We all experience heartburn at some point or the other in life. It is a burning sensation that we feel in our chest but in most instance it has nothing to do with the heart. When you talk about heartburn, you are specifically referring to a burning sensation in the oesophagus (food pipe) running through the chest cavity which is caused by stomach acid flowing backwards. This condition is commonly known as acid reflux but the correct medical term is gastro-oesophageal disease (GORD) or gastroesophageal disease (GERD).
Rising Stomach Acid
The stomach is one of the first major organs of digestion. It has strong muscular walls that crush and churns the food that you eat. Strong digestive enzymes and gastric acid is secreted by the stomach walls. This mixes with the food and helps in the chemical digestion. The stomach itself is equipped to deal with this highly corrosive acid. But other parts of the gut are not. Normally a ring of muscles around the lower part of your oesophagus (food pipe) prevents stomach acid from flowing backwards. It is known as the lower oesophageal sphincter.
When this sphincter malfunctions, stomach acid spills into the oesophagus. Since the oesophagus is unable to withstand the highly corrosive gastric acid, its inner lining becomes irritated and inflamed. The burning sensation that you experience in heartburn is the chemical irritation and damage to the inner oesophageal wall caused by the stomach acid. Heartburn is one of the symptoms of gastro-oesophageal reflux. Other symptoms that may also occur includes nausea, excessive salivation, burping (belching) and bloating.
Never Ignore Heartburn
Heartburn may not seem like a serious symptom. Gastro-oesophageal reflux disease is also not often seen in a serious light. But GORD can lead to serious complications like oesophagitis, oesophageal ulcers (open sores) and strictures, where a portion of your food pipe narrows. Indirectly, heartburn can affect your appetite and quality of sleep. Therefore it is important to treat acid reflux as soon as possible. You should see your doctor for prescription medication although over-the-counter antacids can offer quick relief.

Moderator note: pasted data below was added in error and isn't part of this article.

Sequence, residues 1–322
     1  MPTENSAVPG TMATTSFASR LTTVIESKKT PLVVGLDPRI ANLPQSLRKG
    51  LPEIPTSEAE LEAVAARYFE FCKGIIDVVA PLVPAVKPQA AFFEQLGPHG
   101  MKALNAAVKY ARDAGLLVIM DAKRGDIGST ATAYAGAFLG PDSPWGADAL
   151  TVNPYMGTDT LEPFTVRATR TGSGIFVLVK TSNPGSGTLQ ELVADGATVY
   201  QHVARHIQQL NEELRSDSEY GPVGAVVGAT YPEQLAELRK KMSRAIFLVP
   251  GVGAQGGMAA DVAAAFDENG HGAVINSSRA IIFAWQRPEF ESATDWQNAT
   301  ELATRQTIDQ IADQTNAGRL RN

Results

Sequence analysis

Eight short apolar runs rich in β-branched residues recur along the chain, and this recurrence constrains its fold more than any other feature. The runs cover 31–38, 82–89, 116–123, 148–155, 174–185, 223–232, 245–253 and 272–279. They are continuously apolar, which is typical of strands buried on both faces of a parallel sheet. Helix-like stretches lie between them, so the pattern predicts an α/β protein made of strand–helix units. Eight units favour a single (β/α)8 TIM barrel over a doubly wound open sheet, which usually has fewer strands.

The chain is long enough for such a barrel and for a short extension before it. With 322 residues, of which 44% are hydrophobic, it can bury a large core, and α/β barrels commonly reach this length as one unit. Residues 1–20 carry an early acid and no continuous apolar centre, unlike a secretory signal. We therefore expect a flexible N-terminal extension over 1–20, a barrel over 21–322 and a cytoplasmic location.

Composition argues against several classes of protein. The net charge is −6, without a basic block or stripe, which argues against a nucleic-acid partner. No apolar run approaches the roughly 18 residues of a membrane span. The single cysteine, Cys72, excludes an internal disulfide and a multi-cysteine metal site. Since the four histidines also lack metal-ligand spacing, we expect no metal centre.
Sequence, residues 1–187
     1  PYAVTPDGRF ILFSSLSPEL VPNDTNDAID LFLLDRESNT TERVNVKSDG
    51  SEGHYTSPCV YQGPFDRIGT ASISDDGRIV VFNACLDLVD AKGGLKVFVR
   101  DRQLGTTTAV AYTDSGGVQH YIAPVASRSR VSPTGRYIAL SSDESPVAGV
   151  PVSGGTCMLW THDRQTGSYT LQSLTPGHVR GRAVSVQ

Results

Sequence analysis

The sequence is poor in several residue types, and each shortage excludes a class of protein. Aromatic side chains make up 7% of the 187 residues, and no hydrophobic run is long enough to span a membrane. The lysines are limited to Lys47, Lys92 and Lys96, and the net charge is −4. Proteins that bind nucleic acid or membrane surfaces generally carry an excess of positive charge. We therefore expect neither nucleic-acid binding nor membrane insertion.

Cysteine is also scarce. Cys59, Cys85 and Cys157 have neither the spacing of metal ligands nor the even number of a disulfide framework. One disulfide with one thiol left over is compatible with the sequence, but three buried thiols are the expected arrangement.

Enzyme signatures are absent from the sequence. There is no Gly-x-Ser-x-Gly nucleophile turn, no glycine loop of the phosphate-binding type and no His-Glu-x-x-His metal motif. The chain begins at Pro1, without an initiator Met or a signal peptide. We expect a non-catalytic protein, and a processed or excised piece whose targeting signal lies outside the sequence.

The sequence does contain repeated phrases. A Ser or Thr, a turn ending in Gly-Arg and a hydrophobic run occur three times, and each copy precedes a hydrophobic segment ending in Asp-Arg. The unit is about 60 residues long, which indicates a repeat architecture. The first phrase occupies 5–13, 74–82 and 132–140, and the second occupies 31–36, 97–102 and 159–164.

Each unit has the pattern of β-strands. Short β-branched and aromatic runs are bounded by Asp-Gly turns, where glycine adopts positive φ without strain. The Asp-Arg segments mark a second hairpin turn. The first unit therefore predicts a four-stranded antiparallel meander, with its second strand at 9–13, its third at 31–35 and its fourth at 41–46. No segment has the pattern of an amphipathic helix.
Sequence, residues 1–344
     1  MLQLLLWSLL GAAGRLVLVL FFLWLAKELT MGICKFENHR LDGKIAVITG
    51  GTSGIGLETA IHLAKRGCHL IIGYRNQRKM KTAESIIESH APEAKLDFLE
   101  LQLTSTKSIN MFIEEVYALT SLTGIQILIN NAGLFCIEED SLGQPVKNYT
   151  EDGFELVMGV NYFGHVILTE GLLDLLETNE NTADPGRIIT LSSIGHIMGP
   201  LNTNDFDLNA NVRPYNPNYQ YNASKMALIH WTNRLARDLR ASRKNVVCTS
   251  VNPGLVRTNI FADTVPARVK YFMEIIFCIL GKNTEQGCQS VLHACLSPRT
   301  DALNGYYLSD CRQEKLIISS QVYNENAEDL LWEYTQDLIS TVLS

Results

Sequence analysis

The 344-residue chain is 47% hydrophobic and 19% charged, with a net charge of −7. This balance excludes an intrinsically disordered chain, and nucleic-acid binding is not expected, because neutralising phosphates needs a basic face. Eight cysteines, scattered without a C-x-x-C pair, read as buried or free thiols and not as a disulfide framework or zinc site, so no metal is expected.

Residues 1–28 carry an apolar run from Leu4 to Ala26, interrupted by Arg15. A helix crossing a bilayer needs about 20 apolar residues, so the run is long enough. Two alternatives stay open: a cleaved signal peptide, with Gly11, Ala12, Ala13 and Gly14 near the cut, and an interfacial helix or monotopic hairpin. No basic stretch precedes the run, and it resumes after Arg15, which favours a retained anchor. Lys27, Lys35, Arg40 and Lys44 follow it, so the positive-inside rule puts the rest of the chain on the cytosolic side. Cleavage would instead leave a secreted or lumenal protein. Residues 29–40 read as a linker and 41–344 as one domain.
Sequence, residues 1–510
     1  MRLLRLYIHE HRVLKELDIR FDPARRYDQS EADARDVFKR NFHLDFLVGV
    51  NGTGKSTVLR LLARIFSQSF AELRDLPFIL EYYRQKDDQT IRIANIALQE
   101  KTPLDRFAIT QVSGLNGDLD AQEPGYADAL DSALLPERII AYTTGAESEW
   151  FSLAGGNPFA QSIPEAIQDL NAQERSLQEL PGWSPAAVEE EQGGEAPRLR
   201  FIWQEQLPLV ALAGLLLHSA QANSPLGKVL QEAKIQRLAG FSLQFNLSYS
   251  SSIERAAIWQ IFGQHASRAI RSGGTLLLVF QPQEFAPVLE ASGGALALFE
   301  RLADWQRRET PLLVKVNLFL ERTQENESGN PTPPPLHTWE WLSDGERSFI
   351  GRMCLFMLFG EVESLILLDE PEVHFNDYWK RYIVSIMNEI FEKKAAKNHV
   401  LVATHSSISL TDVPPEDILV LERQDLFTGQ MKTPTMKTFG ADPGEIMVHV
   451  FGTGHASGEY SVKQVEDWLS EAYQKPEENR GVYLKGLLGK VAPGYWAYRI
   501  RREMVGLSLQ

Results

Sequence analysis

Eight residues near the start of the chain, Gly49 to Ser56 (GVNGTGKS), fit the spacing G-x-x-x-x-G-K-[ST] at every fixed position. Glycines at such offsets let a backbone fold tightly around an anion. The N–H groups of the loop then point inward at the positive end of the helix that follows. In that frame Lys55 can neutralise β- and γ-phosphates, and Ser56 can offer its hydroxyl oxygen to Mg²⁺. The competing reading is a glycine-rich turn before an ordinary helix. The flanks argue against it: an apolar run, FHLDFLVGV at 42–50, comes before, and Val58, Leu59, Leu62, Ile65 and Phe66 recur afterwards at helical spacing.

More importantly though, heartburn may in some cases not be due to acid reflux. In the majority of cases a burning sensation in the chest (heartburn) is due to acid reflux and a constricting or crushing pain in the chest is due to heart conditions like coronary artery disease (CAD). But there are some exceptions. It has been known that many people who suddenly have a heart attack experienced weeks or months of heartburn which in fact was angina pectoris (heart-related chest pain) and not acid reflux.
It is therefore important that you have a medical check-up for your heartburn as soon as possible. Your doctor may consider further tests if you are at high risk of having coronary heart disease or a heart attack. Early intervention can save your life. It is for this reason in particular that you should never ignore heartburn. Remember that heartburn is a symptom and not a disease. Like most symptoms, there may be a variety of causes and the most common causative condition is not always the underlying problem.